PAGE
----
Adolf Hitler's autobiography and political manifesto Mein Kampf is to be republished in Germany for the first time since 1945. The Institute of Contemporary History (IfZ) in Munich says it will publish up to 4,000 copies of the book with annotations by scholars.
IfZ director Andreas Wirsching said in a statement that the edition will "shatter the myth" surrounding the book, in which Hitler described his anti-Semitic political creed. Jewish groups have called for the German government to bar publication of the book, arguing that it is dangerous.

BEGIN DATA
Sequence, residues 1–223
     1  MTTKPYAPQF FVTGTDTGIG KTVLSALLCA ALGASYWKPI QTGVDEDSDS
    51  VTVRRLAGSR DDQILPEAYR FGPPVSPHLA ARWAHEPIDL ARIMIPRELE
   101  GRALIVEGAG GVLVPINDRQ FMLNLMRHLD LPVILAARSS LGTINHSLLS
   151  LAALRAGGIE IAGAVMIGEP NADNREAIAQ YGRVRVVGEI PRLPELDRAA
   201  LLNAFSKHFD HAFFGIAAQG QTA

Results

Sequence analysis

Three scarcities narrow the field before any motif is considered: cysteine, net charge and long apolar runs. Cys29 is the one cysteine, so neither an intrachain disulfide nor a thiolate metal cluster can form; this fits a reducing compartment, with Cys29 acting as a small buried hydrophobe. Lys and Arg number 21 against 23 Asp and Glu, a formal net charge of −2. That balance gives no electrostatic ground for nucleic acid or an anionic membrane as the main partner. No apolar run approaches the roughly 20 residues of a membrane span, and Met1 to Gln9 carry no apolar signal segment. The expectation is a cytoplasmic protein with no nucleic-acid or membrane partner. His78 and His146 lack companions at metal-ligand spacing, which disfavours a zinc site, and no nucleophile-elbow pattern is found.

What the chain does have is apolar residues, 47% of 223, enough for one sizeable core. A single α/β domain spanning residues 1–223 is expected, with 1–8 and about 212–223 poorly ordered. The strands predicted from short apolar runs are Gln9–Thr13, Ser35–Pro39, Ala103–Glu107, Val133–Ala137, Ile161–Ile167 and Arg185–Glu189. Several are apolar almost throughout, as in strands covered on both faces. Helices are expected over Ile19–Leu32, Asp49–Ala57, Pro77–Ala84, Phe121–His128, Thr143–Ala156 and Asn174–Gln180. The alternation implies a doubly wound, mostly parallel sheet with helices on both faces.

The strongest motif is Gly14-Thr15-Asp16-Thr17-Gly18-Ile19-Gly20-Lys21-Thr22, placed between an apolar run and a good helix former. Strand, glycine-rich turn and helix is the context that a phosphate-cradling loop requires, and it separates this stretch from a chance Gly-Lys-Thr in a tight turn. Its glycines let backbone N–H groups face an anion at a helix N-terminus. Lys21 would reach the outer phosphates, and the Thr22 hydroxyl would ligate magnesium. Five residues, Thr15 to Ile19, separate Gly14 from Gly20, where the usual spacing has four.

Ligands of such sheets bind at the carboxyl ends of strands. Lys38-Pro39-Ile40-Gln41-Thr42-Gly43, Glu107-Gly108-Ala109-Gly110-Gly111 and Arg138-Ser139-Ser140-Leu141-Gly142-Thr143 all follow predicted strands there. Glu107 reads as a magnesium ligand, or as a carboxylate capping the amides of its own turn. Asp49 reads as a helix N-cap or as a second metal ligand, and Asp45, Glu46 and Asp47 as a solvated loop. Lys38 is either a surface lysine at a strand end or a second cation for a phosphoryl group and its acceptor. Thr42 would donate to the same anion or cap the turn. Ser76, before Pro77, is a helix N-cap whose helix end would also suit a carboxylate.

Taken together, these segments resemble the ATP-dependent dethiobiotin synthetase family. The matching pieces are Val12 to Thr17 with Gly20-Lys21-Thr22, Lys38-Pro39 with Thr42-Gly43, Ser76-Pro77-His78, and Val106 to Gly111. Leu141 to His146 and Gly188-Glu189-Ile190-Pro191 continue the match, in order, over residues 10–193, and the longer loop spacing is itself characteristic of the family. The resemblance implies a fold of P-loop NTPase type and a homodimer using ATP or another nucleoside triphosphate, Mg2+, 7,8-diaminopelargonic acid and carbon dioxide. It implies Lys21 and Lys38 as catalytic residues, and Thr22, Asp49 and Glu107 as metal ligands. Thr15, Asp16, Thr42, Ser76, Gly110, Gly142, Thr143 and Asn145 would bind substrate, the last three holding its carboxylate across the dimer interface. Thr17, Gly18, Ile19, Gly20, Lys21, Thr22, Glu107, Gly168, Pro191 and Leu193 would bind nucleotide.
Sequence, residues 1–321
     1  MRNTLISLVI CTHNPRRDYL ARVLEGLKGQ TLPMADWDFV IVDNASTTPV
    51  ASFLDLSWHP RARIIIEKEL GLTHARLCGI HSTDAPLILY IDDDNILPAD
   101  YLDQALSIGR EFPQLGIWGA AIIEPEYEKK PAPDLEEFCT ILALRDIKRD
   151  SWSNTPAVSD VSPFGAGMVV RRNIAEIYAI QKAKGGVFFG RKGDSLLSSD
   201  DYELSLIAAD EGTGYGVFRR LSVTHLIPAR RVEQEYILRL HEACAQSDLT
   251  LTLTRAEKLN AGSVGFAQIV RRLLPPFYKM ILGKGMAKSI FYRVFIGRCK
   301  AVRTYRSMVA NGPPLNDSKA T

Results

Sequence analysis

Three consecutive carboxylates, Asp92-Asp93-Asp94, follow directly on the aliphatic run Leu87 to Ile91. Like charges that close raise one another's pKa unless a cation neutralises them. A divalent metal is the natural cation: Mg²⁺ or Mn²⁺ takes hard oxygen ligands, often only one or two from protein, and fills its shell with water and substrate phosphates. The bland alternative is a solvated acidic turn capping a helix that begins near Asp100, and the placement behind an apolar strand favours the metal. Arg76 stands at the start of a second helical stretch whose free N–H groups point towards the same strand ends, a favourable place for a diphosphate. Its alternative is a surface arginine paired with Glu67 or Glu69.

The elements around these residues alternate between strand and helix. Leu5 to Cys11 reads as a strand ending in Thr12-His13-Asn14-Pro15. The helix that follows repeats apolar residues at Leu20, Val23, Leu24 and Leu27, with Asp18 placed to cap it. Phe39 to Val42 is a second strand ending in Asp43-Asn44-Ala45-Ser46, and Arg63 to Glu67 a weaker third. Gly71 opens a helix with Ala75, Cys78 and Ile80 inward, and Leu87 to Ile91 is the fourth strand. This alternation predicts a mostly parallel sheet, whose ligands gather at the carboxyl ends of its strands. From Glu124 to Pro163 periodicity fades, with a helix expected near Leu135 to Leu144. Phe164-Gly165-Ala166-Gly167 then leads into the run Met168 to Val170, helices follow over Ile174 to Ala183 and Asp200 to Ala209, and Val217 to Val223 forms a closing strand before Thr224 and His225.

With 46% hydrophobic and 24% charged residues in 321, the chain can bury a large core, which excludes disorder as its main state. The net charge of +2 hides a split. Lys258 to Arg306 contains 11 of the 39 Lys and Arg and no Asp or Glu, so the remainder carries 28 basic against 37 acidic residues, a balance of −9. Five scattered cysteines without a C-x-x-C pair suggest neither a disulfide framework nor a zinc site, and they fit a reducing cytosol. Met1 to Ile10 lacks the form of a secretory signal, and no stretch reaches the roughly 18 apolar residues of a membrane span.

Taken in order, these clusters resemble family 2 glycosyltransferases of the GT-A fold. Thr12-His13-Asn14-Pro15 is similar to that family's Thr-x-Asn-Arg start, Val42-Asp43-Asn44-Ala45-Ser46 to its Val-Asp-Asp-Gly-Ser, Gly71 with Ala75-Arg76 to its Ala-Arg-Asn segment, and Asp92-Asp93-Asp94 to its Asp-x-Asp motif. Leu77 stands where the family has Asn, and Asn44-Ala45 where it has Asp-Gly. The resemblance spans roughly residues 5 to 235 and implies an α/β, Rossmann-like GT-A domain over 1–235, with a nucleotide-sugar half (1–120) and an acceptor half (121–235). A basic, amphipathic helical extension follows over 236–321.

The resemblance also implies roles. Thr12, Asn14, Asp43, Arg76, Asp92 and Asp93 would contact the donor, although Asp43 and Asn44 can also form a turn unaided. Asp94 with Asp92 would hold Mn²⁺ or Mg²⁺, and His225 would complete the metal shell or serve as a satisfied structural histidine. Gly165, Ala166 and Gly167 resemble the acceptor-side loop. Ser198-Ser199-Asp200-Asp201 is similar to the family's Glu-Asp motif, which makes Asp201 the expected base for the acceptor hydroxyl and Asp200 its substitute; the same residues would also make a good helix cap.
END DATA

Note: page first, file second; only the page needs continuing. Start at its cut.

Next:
It was written while Hitler was in jail following a failed coup, and published in 1925, eight years before he came to power.
After the defeat of Nazi Germany in 1945, the copyright of the book was passed to the state of Bavaria.
Authorities in the state have barred publication of the text in Germany over concerns it could stir racial hatred. Under German law, the copyright lasts for 70 years, so publishers can freely reproduce the text from January. However German authorities said they will limit access to the text amid fears it could spark neo-Nazi fervour.